Measurement of Bubble Size Distribution in Protein Foam Fractionation Column Using Capillary Probe with Photoelectric Sensors
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Bubble size is a key variable for predicting the ability to separate and concentrate proteins in a foam fractionation process. It is used to characterize not only the bubble-specific interf acial area but also coalescence of bubbles in the foam phase. This article describes the development of a photoelectric method for measuring the bubble size distribution in both bubble and foam columns for concentrating proteins. The method uses a vacuum to withdraw a stream of gas-liquid dispersion from the bubble or foam column through a capillary tube with a funnel-shaped inlet. The resulting sample bubble cylinders are detected, and their lengths are calculated by using two pairs of infrared photoelectric sensors that are connected with a high-speed data acquisition system controlled by a microcomputer. The bubble size distributions in the bubble column 12 and 1 cm below the interface and in the foam phase 1 cm above the interface are obtained in a continuous foam fraction-ation process for concentrating ovalbumin. The effects of certain operating conditions such as the feed protein concentration, superficial gas velocity, liquid flow rate, and solution pH are investigated. The results may prove to be helpful in understanding the mechanisms controlling the foam fractionation of proteins.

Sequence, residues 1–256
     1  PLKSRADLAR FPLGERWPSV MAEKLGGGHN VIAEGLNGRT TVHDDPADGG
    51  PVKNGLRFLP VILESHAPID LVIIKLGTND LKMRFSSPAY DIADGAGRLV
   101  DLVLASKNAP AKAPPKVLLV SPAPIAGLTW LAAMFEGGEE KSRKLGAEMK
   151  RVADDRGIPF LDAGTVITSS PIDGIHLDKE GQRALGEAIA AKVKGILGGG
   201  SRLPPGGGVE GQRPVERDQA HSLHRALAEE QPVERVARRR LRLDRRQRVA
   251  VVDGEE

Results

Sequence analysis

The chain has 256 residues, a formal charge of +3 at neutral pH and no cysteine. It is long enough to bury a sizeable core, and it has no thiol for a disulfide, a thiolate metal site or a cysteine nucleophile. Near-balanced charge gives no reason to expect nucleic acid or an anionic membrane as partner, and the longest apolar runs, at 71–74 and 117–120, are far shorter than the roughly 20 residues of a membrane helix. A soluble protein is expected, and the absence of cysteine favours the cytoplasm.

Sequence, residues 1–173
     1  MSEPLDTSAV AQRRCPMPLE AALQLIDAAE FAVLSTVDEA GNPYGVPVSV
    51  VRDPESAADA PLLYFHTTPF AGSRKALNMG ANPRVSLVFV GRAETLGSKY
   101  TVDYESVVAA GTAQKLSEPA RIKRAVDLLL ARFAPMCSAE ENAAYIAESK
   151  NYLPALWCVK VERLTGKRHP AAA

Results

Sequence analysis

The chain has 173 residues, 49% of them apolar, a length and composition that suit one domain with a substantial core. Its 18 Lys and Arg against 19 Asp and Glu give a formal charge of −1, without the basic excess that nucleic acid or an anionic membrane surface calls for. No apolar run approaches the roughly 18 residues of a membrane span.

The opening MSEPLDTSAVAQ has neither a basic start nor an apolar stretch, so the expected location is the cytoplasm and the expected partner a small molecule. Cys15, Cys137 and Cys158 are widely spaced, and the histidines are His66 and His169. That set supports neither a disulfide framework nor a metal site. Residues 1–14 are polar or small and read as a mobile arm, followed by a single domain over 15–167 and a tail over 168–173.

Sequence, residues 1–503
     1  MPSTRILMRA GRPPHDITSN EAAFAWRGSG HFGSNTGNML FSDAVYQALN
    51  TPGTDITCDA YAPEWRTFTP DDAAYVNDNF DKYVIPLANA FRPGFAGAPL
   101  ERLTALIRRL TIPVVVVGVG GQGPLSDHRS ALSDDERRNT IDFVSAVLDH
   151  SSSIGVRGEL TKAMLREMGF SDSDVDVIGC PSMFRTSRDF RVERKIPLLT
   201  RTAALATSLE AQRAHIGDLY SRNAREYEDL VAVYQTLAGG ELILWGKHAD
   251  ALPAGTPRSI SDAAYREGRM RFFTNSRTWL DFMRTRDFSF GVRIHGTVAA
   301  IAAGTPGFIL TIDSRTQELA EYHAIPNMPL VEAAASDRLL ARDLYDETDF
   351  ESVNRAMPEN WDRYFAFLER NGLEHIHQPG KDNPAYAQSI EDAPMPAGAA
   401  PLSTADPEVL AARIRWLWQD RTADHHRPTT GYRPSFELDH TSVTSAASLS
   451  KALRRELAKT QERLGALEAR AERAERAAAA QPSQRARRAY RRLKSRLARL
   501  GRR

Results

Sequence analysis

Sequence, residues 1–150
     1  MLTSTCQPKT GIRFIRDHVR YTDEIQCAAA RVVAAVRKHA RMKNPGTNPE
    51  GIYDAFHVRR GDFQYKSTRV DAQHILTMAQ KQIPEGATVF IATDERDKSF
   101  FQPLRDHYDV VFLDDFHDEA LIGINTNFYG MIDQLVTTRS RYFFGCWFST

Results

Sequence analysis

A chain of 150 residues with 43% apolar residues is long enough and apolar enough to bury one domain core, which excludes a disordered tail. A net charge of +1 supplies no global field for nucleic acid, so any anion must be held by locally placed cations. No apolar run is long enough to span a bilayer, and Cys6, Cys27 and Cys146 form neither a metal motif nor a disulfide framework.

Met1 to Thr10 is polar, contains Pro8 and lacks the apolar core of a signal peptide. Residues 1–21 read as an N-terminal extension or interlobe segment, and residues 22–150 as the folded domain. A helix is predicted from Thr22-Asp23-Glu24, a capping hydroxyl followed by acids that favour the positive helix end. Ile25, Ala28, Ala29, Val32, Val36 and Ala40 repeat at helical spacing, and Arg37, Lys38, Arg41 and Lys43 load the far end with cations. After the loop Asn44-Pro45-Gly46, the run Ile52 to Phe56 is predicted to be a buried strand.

Index EntriesBubble size capillary tube photoelectric method foam fractionation ovalbumin
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